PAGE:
Monasteries uphold the domestic church, and the domestic church is illuminated by the monasteries.

he community of the Christ the Bridegroom Monastery in Burton, Ohio.

Robert Klesko | ncregister.com

It’s safe to say that 2020 has been a particularly trying year, especially for people of faith. We’ve been separated from our churches, from the sacraments, and from the spiritual nourishment of kinship and community. This year, especially through Lent and the Easter season, life felt especially dry and arid for many. It was within this desert of isolation that a stream of living water was opened up by my favorite Eastern Catholic nuns — the nuns of Christ the Bridegroom Monastery in Burton, Ohio.

The Monastery of Christ the Bridegroom is about a 45-minute ride southeast of Cleveland. It was founded in 2009 and was recently raised to a sui iuris monastery of eparchial right in 2019 by Bishop Milan Lach of the Eparchy of Parma (Ruthenian). The monastery is headed by Mother Theodora, who serves as hegumena (abbess) and currently has three “life-professed” members (also called stavrophore or “cross-bearer”) and two rasophore (“robe-bearer”) members. I was privileged to meet and spend time with Mother Theodora when she appeared on EWTN Live in July 2019. It was clear from my time with Mother that she is a woman who is in love with her vocation and deeply in love with Christ the Bridegroom.

It’s fairly uncommon, among Eastern Catholic monasteries, to identify the community ethos through the image and theology of Christ the Bridegroom. But when you spend time with the nuns, it becomes clear that it is a perfect fit! The striving for union with God, which is the singular occupation of monastic life — and indeed, all Christian life — is well encapsulated by marital imagery. Sister Petra, one of the rasophore nuns, explains:

The Bridegroom is the One Who pursues our souls and beckons us as His Bride, the Church into union with Him, “Arise, my beloved, my beautiful one, and come!” (SOS 2:13) He calls us to union, yearning to penetrate every recess of our hearts with His life-giving Spirit, to bring forth in us spiritual fruit that will last for all eternity. To encounter Christ as Bridegroom is to know yourself sought and desired by God, purchased by a Love “stern as death” (SOS 8:6) It is to respond with the total gift of yourself to the God-Man, Jesus Christ; to know yourself claimed in love. Of course, this union becomes reality in prayer (we call our cell rule the hour of private prayer we each offer each day in our own cells our “spousal prayers”), through which we learn to hear His Voice and reveal ourselves to Him. The Bridegroom is the Fulfillment of all desire, but we in this world we are as yet only espoused to Him: the consummation will only be realized in Heaven. Thus, to turn to Christ as Bridegroom is to live in hope, with faith that “hope does not disappoint us” (Rom. 5:5).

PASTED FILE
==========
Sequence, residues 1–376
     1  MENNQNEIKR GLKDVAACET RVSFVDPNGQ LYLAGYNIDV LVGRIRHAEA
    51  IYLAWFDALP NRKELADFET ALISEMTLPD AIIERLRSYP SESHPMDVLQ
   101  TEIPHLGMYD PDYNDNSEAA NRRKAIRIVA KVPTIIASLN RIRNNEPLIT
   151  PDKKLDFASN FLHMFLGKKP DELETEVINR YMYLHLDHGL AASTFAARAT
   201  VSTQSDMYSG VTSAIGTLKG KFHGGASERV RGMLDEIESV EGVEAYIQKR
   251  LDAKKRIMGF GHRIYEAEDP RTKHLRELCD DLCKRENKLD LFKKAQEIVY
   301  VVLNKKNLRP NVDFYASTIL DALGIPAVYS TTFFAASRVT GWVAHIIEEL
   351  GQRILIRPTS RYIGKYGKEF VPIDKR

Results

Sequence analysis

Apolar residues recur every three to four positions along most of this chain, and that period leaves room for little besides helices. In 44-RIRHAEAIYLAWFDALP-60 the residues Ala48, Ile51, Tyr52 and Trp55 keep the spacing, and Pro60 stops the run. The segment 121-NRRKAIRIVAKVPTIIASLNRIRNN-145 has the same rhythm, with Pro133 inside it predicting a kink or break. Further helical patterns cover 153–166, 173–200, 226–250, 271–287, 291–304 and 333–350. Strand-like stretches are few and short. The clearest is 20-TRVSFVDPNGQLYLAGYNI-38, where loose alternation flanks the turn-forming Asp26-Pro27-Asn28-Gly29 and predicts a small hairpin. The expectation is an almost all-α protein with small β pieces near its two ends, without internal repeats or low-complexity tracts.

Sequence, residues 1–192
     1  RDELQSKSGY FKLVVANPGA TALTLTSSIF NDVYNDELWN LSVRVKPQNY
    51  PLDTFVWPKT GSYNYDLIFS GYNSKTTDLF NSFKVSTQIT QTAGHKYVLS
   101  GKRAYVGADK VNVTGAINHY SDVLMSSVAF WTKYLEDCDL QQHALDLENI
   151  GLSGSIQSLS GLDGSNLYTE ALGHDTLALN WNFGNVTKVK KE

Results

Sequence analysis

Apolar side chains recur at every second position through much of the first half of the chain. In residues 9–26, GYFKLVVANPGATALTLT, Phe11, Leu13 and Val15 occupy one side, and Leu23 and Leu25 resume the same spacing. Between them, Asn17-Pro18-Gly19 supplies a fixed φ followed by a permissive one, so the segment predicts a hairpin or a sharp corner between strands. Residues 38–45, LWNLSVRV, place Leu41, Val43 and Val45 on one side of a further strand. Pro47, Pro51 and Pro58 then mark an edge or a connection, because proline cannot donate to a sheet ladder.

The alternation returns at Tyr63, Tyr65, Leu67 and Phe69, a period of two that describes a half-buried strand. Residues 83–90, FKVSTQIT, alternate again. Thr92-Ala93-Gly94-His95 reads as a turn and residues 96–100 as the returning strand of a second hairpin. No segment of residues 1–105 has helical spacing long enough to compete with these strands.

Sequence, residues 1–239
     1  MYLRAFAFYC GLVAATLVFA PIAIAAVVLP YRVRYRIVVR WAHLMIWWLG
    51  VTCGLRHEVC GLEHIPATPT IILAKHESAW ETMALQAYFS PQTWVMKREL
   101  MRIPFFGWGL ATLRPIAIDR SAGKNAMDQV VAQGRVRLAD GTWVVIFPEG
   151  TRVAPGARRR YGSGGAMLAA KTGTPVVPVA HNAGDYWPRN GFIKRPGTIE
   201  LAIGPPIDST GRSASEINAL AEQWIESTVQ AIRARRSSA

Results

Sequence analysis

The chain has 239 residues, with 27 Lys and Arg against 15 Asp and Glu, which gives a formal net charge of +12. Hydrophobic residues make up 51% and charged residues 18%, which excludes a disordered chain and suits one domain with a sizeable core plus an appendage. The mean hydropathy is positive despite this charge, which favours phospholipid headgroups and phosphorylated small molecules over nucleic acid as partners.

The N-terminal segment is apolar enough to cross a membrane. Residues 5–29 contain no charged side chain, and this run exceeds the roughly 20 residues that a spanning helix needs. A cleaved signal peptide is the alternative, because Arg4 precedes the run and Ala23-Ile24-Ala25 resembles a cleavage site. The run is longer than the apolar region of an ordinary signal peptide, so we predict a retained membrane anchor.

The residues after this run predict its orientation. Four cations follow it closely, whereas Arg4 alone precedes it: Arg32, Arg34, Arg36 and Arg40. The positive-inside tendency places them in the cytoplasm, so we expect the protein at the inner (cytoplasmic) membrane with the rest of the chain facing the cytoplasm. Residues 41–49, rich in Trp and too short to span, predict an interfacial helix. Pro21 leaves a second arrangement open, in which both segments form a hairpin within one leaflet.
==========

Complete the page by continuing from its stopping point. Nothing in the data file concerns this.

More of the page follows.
This love of Christ the Bridegroom has produced spiritual fruit for several thousand recently through the monastery’s outreach during Lent and Holy Week. When the churches closed, the nuns (by way of a providential penance) took to building a guide for the domestic Church for Lent and Holy Week (now expanded beyond the Paschal season). Mother Cecilia, who spearheaded the monastery’s efforts, explains:

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Teachings of Christ

“The Son of Man came not to be served but to serve, and to give his life as a ransom for many.” (Mark 10:45 ESV)

Holy Forefathers

Through faith, O Christ, you justified the Forefathers, * betrothing through them in advance the Church of the gentiles. * The Saints exult in glory, * for from their seed came forth a glorious fruit: * she who gave birth to You without seed. * Through their prayers, O Christ God, have mercy on us. (Troparion, Tone 2)

Glory to the Father, and to the Son, and to the Holy Spirit, now and ever, and to the ages of ages. Amen.

You did not honor a hand-depicted image, O thrice-blessed ones, * but defended by the undepicted Being you were glorified in a trial by fire. * And, standing in the midst of unbearable flame, you called upon God: * “Hasten, O Compassionate One, and speed to our help, * for You are merciful and You can do whatever you will.” (Kontakion, Tone 6)

(Second Sunday Before Christmas)

Saint Nicholas of Myra

The truth of your deeds has revealed you to your flock, * as a rule of faith, an image of meekness, and a teacher of abstinence. * Therefore, you attained the heights through humility, * and riches through poverty. * O Father and Hierarch Nicholas, * pray to Christ God that our souls may be saved. (Troparion, Tone 4)

Glory to the Father, and to the Son, and to the Holy Spirit, now and ever, and to the ages of ages. Amen.

In Myra, You were shown to be a servant of the sacred things, O Holy Nicholas, * for, fulfilling the Gospel of Christ, you, O Venerable, laid down your life for your people, * and saved the innocent from death. * Therefore, you were sanctified as a great initiate of the grace of God. (Kontakion, Tone 3)

Random Proverb

The fear of the Lord is the beginning of knowledge; fools despise wisdom and instruction. (Proverbs 1:7 ESV)

Pray Without Ceasing

Lord Jesus Christ, Son of God, have mercy on me, a sinner.

Wisdom from the Church Fathers

The purpose of the advent of the Saviour, when He gave us His life-giving commandments as purifying remedies in our passionate state, was to cleanse the soul from the damage done by the first transgression and bring it back to its original state. What medicines are for a sick body, that the commandments are for the passionate soul.

St. Isaac of Syria